Writing is my outlet. Many stories I write are for my eyes only, but once in a while I feel compelled to share. When I do, I feel vulnerable and shy. Strangely enough, it’s usually about the craft, not the content. I need to get over this self-consciousness and just work through (and on) the ill-placed punctuations, clunky transitions, poor grammar, and awkward word choices.

I wish I could muster my writing confidence from within. Perhaps that’ll come later. For the time being this writing nomination (my first ever) is just the boost in confidence I need to get this story out and into potential publishers’ in-boxes.

For that reason, among others, I’m so very happy just to have been nominated.

Writing About My Friend, the Olympian

UntitledThere’s nothing like signing up for a writing course to kick my ass into writing gear. Some people are self-motivated and determined to pump out pages without externally imposed deadlines and accountability.

I’m not that type of person.

I respond well to external pressure and deadlines, especially from an authority figure or someone scores smarter than me.

Before I get to write my book (dissertation), I need to write a proposal and my committee need to approve it. This is a significant milestone in my PhD journey not only because I’ll be that much closer to the end goal, but because I’ll have permission to start my research for a book I’ve been conceptualizing in my head for the past two years. As much as I love(d) taking courses and acquiring knowledge, I’m looking forward to contributing to an intellectual community. (The actually contributing part may still be a few years from now.)

I’m about 95% certain that I want to write a biography about my childhood friend Elodie Li Yuk Lo who is one of the first beach volleyball Olympians to represent Mauritius—a small African island nation. I feel so fortunate to be in an academic setting where I’m encouraged to use my personal experiences, knowledge, and connections to inform my research and writing. It still feels strange to think that personal topics can have a legitimate space in academia. Coming from a science and social science background, I’m still working on rethinking what constitutes “valid” or “authentic” scholarship.

Untitled1As I move forward with this class and program, I hope to use this blog to share my progress with the biography. To give you a little snippet of the vision, below is what I wrote for an in-class writing exercise attempting to explain (in plain language) what my project is about. Here’s an initial stab at describing the grand vision (which will most definitely change and evolve):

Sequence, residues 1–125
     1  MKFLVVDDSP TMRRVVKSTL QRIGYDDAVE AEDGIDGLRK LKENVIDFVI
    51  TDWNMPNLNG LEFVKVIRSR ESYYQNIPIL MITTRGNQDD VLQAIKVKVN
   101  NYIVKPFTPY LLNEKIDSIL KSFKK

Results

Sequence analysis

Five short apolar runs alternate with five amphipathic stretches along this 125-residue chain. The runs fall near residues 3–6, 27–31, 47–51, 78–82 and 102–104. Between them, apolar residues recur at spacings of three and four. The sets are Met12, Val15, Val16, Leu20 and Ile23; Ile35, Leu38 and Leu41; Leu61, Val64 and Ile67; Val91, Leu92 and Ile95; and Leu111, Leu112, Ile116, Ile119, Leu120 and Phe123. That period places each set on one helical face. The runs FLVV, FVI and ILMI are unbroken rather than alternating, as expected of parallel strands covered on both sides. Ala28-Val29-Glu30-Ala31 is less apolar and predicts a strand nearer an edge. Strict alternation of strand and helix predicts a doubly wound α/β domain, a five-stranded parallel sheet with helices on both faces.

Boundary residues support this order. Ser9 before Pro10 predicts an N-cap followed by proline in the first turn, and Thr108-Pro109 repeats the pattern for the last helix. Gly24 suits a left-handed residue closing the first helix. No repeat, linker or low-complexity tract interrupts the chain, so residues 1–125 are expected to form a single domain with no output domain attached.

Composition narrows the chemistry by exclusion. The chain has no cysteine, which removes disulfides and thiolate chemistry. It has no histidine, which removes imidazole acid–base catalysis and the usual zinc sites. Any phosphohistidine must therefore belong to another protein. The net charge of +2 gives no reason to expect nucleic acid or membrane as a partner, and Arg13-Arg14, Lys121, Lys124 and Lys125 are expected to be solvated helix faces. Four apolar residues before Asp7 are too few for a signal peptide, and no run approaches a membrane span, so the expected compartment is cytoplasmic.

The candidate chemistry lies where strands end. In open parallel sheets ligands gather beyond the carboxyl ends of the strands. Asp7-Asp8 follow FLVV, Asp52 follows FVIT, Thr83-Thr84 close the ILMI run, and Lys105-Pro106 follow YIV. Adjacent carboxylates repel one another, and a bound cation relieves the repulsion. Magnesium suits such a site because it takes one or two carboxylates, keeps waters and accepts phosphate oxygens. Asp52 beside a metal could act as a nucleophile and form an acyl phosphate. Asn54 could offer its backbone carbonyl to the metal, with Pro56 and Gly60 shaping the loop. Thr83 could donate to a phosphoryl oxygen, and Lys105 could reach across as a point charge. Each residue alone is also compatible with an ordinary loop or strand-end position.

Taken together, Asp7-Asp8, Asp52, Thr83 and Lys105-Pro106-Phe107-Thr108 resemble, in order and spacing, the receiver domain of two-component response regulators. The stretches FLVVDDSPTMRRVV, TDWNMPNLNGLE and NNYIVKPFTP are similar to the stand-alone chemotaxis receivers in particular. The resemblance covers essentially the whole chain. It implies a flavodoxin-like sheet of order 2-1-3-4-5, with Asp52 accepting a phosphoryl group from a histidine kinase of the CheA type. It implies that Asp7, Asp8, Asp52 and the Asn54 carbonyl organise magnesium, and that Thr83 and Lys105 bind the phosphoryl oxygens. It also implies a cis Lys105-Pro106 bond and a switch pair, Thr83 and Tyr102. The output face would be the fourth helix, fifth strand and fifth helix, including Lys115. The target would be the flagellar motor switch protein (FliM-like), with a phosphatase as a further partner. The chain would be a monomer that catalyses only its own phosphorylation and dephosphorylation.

About fifty years ago during the Cold War, the International Olympic Committee started making a concerted effort to include and encourage newly independent African nations to participate in the world’s largest sporting event. Several sports governing bodies began introducing new rules to accommodate and encourage diverse entry of athletes from these less developed nations. About half a century later an ethnically Chinese beach volleyball player (Elodie Li Yuk Lo) took advantage of what is now known as the African Continental Trials to represent a tiny African island nation, called Mauritius, in beach volleyball. The book I’m writing examines Elodie’s journey to and participation in the London 2012 Olympics. Through Elodie’s story I explore how some athletes from developing nations struggle to compete and participate in the most elite sporting arena, demonstrating how the Olympics is an inherently unequal playing field. But Elodie’s story is more than her Olympic journey. As an ethnically Chinese woman, a fourth generation Mauritian, and a first generation Canadian, Elodie’s story is also about Asian and African migration in the 20th and 21st centuries, shattering many ideas of what we think we know about Asian or African immigrants in North America. Her story also shows us the politics of representing a nation and continent (where she is a racial minority), and how she navigates her multiple identities on a very public Olympic stage. But at the story’s core, this biography is about an athlete’s arduous journey to the Olympics fraught with roadblocks, close calls, pushing through self-doubt and injuries, media scrutiny, racial politics, lack of resources, and long training hours all culminating into one women’s experience of a lifetime.